As the COVID-19 pandemic continues to change the everyday lives of Calgarians, residents are left to wonder how they can commemorate one of the largest celebrations of the year.
Canada Day is just days away, and this year the city won’t be seeing its usual mass celebration. As restrictions on gatherings, events and operations continue, residents are looking at new and innovative ways to commemorate the occasion.
On June 12, Calgary moved forward with the second phase of Alberta’s relaunch plan, meaning several businesses and organizations, including most personal services, movie theatres and team sports were allowed to reopen.
However, several health restrictions remain in place, including a maximum of 50 people at any indoor event and 100 people at outdoor events as long as physical distancing is applied.
With these restrictions in mind, how can you celebrate Canada Day in Calgary this year amid the ongoing pandemic?
Spend time outdoors
Alberta’s chief medical officer of health Dr. Deena Hinshaw is asking residents to be mindful of the ongoing pandemic when choosing how to celebrate Canada Day this year.
On Thursday, Hinshaw recommended that residents celebrate the day with members of their household or cohort.
“I know many people are tired of following health measures and physical distancing, particularly as the risk of severe outcomes is lower for those under 60 years of age. However, a lower risk does not mean there is no risk at all,” she said during a news conference.
“COVID-19 loves a party, so we can’t let our guard down.”
Hinshaw noted that transmission rates are lower outdoors as residents can better apply physical distancing. However, while Hinshaw recommends taking the party outside, she also advised against having a barbeque or participating in activities that involve sharing food and utensils to help limit the possibility of spreading the virus.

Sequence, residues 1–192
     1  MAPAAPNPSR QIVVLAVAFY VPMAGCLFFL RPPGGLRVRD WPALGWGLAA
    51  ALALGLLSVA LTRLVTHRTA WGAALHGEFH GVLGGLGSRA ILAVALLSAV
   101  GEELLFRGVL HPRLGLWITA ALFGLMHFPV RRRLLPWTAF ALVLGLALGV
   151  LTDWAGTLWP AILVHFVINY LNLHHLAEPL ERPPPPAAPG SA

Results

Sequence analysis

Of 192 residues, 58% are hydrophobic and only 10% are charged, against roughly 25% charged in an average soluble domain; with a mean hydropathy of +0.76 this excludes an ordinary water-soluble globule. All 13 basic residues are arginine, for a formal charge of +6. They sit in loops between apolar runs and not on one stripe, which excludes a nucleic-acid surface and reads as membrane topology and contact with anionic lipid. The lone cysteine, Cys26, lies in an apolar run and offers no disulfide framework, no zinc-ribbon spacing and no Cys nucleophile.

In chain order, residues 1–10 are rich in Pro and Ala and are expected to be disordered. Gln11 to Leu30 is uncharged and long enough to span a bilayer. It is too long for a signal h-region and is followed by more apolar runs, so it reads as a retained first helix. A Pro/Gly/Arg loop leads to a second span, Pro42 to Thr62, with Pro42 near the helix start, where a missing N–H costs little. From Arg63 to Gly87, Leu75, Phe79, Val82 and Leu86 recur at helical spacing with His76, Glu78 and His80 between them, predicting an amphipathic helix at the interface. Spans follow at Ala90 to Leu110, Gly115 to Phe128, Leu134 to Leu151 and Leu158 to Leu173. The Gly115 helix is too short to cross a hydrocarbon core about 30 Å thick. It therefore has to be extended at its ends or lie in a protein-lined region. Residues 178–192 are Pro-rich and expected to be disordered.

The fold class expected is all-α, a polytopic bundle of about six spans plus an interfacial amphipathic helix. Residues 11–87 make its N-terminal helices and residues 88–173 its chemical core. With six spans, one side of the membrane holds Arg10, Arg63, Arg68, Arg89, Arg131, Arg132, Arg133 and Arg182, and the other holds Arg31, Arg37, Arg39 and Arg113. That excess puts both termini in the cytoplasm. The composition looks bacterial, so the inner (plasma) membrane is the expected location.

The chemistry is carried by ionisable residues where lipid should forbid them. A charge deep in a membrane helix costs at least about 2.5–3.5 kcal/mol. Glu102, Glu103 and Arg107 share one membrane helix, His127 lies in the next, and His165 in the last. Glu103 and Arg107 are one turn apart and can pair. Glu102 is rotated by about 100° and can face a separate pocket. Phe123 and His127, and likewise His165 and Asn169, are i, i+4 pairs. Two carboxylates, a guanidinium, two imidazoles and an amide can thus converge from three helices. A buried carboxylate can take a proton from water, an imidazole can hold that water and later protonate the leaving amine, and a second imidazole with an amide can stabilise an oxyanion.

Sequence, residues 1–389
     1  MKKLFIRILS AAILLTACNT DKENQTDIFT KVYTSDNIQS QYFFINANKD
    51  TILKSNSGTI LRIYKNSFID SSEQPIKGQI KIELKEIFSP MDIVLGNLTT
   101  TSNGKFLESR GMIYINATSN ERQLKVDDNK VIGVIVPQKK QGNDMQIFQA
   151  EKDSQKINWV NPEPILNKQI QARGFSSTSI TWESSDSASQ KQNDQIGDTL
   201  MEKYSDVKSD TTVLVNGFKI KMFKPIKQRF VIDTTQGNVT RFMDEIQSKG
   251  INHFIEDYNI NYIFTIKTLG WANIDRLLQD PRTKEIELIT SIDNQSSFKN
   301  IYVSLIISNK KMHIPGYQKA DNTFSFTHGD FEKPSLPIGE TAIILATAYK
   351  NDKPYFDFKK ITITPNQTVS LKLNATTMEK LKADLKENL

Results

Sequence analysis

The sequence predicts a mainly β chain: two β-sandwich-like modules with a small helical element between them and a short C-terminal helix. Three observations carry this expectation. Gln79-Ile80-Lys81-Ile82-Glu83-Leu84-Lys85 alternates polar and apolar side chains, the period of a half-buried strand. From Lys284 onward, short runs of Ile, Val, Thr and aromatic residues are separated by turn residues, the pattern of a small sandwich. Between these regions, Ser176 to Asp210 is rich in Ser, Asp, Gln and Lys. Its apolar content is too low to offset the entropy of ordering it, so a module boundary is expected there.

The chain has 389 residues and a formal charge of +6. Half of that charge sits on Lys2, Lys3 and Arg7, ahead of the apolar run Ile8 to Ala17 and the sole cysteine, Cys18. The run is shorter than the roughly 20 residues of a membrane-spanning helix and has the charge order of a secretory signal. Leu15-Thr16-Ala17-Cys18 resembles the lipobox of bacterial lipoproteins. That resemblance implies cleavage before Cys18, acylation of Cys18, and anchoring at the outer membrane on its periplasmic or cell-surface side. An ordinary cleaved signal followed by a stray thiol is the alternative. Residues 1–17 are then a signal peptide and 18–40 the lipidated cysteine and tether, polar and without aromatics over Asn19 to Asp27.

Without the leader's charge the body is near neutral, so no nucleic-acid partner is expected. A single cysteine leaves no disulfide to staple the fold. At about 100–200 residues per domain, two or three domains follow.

“This year it’s a good idea for everyone to bring their own food and drinks,” she said.
“If anyone disagrees with that, you can blame me for that recommendation.”
Join in on virtual celebrations
The City of Calgary typically celebrates the holiday with large outdoor events, including festivals and fireworks. However, in 2020, residents are encouraged to celebrate the holiday in a smaller, more intimate manner.
On June 15, the city announced its plans to celebrate the holiday with a virtual concert, featuring performances from Canadian country music star Paul Brandt and Calgary musician Lynn Olagundoye.
The Ahmadiyya Muslim Jama’at Calgary is also hosting a virtual Canada Day celebration, featuring messages from
prominent leaders and a special presentation.
The celebration will broadcast on celebratecanada.ca from 11 a.m. to 12:15 p.m.
Attend a physical distancing block party
The Ironwood Stage and Bar in Inglewood is hosting a physical distancing block party Wednesday, featuring live music that will be broadcast to the entire street.
Officials said patios and businesses in the area will also be open to help residents celebrate Canada Day.
Decorate your home
City officials are asking residents to celebrate Canada Day in their own homes this year by decorating their windows and gardens with red and white.